Research

Research Themes and Collaborations

Sleep, memory consolidation, and generalisation

One of the most critical challenges in learning and memory is the extraction of context-independent general knowledge from a large amount of individual experiences and episodic memories. In collaboration with Kathy Rastle, Matt Davis, and Jo Taylor we have used language learning paradigms to uncover some of the principles that govern this type of memory formation. In short, we have argued that generalisation can be achieved using different cognitive strategies, and that memory consolidation is key to this type of learning.

At the moment we are engaged in a project using learning of artificial orthographies to reveal the impact of sleep on generalisation. This project is a collaboration with Kathy Rastle.

This line of research has been funded by the ESRC and the British Academy.

Read more about this research:

Tamminen, J., & Davis, M. H., & Rastle, K. (2015). From specific examples to general knowledge in language learning. Cognitive Psychology, 79, 1-39.

Tamminen, J., & Davis, M. H., Merkx, M., & Rastle, K. (2012). The role of memory consolidation in generalisation of new linguistic information. Cognition, 125, 107-112.

Sleep and eyewitness memory

With David Morgan and Laura Mickes, we are investigating the impact of sleep on eyewitness memory. This line of research includes experiments using eyewitness identification paradigms, as well as experiments focusing on eyewitnesses’ susceptibility to misinformation about the crime they witnessed before sleeping. This work is funded by a Royal Holloway doctoral studentship awarded to David.

Read more about this research:

Morgan, D. P., Tamminen, J., & Mickes, L. (accepted). The impact of sleep on eyewitness identifications. Royal Society Open Science. Registered report: Stage 1 submission accepted.

Sleep and memory consolidation in adolescence

Adolescence is a time of profound change in many domains, including sleep. There are changes in sleep architecture, as well as the amount of sleep, due to children’s internal clock shifting forward by 2-3 hours as they enter adolescence. With Jessica Dyson and Jessie Ricketts we are exploring the implications of truncated sleep during school nights for memory consolidation processes. This work is funded by a doctoral studentship awarded to Jessica by the Waterloo Foundation and Royal Holloway.

Read more about this research:

Kuula, L., Tamminen, J. Makkonen, T., Merikanto, I., Räikkönen, K., Pesonen, A-K. (2019). Higher sleep spindle activity is associated with fewer false memories in adolescent girls. Neurobiology of Learning and Memory, 157, 96-105.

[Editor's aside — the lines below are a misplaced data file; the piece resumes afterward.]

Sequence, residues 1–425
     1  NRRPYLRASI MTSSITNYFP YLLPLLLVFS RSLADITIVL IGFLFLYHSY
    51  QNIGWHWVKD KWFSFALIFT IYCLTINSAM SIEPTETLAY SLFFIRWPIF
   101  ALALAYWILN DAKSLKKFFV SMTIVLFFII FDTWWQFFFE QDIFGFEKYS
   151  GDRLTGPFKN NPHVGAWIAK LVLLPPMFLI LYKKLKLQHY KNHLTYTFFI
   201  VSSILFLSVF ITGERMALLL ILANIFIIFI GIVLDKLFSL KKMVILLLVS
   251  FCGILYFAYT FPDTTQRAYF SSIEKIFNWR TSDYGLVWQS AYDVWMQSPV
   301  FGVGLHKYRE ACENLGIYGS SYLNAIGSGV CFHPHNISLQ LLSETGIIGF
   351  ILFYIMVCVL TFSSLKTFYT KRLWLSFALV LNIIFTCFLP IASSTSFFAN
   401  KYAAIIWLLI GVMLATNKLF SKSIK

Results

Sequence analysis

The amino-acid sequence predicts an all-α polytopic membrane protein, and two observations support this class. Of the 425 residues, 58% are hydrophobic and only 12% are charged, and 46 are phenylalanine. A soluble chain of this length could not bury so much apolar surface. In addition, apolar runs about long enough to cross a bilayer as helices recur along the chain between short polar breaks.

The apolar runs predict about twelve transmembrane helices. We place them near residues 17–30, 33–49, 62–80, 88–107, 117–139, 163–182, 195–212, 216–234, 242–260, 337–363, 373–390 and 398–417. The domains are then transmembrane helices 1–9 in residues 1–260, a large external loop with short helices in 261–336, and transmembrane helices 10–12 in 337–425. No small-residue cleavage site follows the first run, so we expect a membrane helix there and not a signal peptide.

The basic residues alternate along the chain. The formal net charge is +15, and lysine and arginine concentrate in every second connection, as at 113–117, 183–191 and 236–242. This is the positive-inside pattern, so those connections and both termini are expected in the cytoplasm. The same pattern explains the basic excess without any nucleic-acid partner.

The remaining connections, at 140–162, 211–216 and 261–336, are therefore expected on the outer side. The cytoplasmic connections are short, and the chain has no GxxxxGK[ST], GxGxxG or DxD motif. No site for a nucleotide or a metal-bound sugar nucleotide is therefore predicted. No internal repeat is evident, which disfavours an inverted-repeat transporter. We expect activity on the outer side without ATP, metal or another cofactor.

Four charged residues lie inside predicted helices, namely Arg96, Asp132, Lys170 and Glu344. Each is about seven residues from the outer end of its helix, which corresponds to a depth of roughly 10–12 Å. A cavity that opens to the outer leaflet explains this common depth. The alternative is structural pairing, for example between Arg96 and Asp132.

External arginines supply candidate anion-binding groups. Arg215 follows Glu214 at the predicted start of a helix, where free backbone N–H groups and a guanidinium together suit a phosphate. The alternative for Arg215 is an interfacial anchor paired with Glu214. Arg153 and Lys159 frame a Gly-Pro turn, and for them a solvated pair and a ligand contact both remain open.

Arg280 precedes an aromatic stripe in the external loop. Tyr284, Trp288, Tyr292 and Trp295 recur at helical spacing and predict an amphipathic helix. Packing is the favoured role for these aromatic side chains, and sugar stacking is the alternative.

Sleep, memory consolidation, and lexical integration

How does the mind integrate newly acquired information with the rich stores of knowledge we already possess? After all, a piece of new information is only useful if you understand how it relates to everything else you already know about the world. We have addressed this problem by looking at how newly learned words begin to engage with existing familiar words, both in terms of their phonology and of their meaning. The emergence of such interactions is diagnostic of new connections having been made between new and old knowledge. Our collaborators in this body of work include Gareth Gaskell, Penny Lewis, Matt Lambon Ralph, Jessica Payne, and Robert Stickgold. This work has been funded by the ESRC.

Read more about this research:

Tamminen, J., Lambon Ralph, M. A., & Lewis, P. A. (2013). The role of sleep spindles and slow oscillations in integrating new information in semantic memory. Journal of Neuroscience, 33, 15376-15381.

Tamminen, J., Payne, J. D., Stickgold, R., Wamsley, E. J., & Gaskell, M. G. (2010). Sleep spindle activity is associated with integration of new memories and existing knowledge. Journal of Neuroscience, 30, 14356-14360.

Impact of music on memory

Music has been shown to facilitate memory in both healthy populations and in patients suffering from various forms of dementia. In collaboration with Victoria Williamson at the Music Department at University of Sheffield, we have worked towards understanding how music affects word learning, and specifically how it helps to integrate newly learned words in the existing mental lexicon. This work has been funded by the British Academy and the Experimental Psychology Society.

Read more about this research:

Tamminen, J., Rastle, K., Darby, J., Lucas, R., & Williamson, V. J. (2017). The impact of music on learning and consolidation of novel words. Memory, 25, 107-121.